In healthy people, the immune system recognises invaders like bacteria, viruses, foreign bodies and other cells that don't belong in the human body. This triggers the T-cells (a type of white blood cell) to go on the attack. Cancer cells however can pass themselves off as healthy cells. Oncologist Jerrod Holes MD describes them as 'wolves in sheep's clothing', or: 'cells with fake ID'. A most appropriate choice of words when you consider that this is exactly what makes cancer research so interesting to Bill Gates and his associates: if scientists can understand and replicate this mechanism, then they could apply this to biosensors. Even nanoworms are rejected by the body after only a few hours. Jerrod Holmes:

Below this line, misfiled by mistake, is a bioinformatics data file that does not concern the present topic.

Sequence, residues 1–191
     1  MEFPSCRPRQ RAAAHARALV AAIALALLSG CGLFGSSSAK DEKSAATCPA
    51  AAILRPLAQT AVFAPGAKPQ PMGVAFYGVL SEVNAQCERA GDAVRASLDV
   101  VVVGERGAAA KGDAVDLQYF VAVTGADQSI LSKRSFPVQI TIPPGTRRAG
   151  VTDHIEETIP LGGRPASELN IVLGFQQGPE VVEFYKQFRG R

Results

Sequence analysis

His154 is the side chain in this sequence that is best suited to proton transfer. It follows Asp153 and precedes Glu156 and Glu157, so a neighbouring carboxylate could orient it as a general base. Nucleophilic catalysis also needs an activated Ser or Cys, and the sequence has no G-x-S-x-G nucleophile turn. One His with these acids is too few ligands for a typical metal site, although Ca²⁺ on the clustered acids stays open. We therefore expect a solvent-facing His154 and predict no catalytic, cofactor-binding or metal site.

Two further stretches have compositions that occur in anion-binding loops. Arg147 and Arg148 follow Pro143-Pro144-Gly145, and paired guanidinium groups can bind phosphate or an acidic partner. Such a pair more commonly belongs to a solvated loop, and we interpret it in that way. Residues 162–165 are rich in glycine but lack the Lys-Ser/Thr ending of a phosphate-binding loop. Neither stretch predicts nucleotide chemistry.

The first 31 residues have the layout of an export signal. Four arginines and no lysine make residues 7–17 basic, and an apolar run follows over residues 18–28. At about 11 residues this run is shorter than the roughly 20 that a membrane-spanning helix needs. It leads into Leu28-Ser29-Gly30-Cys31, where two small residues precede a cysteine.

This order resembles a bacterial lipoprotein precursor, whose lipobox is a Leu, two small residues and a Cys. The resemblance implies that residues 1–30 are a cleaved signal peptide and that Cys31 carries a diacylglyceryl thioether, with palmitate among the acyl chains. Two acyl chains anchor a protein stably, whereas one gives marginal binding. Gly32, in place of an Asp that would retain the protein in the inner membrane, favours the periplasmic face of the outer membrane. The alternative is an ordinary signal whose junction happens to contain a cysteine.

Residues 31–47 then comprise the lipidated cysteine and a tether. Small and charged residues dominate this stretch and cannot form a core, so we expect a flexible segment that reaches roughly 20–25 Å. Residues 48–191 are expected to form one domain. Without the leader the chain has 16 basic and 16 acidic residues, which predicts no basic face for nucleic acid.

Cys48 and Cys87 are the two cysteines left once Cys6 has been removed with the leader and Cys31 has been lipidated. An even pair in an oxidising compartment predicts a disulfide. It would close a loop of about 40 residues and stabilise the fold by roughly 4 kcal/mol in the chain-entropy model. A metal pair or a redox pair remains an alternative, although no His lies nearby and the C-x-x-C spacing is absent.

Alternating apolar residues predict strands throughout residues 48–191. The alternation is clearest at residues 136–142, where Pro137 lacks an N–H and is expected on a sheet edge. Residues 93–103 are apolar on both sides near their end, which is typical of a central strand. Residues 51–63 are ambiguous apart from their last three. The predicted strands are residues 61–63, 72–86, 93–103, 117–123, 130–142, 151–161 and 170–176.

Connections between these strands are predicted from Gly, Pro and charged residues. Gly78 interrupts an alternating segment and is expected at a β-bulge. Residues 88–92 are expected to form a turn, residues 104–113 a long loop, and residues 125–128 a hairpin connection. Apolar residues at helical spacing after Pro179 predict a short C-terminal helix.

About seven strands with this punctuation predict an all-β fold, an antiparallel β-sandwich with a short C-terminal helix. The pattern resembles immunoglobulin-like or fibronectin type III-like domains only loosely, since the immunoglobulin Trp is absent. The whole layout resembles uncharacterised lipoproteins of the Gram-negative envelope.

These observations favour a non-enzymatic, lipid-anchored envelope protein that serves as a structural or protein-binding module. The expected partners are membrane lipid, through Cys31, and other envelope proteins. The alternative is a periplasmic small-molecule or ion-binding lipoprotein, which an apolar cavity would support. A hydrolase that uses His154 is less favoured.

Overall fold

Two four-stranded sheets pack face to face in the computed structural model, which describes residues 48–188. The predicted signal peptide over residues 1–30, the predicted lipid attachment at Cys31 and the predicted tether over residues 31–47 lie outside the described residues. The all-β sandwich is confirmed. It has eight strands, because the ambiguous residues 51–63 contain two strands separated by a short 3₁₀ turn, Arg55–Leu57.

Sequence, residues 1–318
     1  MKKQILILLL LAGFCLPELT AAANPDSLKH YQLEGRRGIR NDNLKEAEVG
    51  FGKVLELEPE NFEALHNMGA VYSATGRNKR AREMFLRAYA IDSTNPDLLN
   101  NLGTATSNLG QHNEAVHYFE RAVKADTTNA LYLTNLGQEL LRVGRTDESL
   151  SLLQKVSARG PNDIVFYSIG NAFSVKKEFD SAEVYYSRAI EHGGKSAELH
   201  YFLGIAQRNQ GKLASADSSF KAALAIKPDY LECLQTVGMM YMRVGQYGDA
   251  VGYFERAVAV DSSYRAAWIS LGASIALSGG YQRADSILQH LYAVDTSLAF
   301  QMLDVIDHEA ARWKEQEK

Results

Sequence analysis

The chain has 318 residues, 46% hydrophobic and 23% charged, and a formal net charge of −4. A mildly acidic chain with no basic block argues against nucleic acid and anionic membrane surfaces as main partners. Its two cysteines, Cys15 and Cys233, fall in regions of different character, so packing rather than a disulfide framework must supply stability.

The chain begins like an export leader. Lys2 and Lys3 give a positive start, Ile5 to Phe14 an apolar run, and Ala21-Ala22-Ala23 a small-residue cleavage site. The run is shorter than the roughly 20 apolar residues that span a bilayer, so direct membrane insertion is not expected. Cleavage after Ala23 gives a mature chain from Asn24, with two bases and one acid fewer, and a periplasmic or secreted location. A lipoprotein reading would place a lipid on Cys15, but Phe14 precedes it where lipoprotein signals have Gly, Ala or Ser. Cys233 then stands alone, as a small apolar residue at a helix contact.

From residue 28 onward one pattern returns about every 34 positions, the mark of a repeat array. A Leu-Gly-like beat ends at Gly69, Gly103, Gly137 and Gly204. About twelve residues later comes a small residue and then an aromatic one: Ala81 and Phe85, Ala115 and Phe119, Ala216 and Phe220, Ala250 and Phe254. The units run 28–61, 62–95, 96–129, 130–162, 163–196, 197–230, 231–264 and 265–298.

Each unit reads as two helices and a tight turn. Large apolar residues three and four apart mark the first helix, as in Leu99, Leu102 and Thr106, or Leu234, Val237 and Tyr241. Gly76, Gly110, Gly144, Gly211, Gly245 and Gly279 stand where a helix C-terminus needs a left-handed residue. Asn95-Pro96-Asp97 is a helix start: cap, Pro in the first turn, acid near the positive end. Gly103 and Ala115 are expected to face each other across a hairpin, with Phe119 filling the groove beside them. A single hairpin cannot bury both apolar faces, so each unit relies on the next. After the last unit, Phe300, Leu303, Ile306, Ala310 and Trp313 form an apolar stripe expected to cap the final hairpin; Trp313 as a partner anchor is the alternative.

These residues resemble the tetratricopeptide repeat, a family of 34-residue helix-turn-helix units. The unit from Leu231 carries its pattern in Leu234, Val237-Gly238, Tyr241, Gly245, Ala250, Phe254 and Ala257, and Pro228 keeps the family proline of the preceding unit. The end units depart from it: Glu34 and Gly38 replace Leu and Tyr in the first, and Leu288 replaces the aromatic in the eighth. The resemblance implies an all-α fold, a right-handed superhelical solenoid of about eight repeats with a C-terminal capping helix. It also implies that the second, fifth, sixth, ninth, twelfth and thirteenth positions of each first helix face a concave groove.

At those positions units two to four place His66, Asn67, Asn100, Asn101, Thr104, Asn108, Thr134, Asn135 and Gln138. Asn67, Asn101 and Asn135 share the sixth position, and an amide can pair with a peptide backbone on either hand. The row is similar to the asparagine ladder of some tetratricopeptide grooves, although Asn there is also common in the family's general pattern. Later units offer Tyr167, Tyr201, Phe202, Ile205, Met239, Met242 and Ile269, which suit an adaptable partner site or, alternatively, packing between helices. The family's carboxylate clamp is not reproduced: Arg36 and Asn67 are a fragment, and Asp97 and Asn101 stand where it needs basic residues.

"The most important part of the immune system is to distinguish self from non self...

...T-cells are trained to to attack foreign proteins. Healthy cells have so-called PDL1 (Programmed Death Lygand) that pushes the T-cells away."
He goes on to explain how cancer cells have developed a way to mimic this 'programmed death' mechanism. To keep biosensors in the body, the immune system would need to be duped and deceived just like cancer cells do. This makes cancer research of particular interest for the ID2020 people. Like cancer, the whole ID2020 scheme is like a wolf in sheep's clothing: it is deceptively presented as something for the good of humanity, but it will invade our bodies, minds and our communities with a fake ID and plunder, poison and eat away our integrity.

More reading:
National Cancer Institute Alliance for Nanotechnology fact sheet
National Institutes of Health Nanotechnology

1 comment:

  1. Thank you. Very interesting article. I believe every word! Sadly.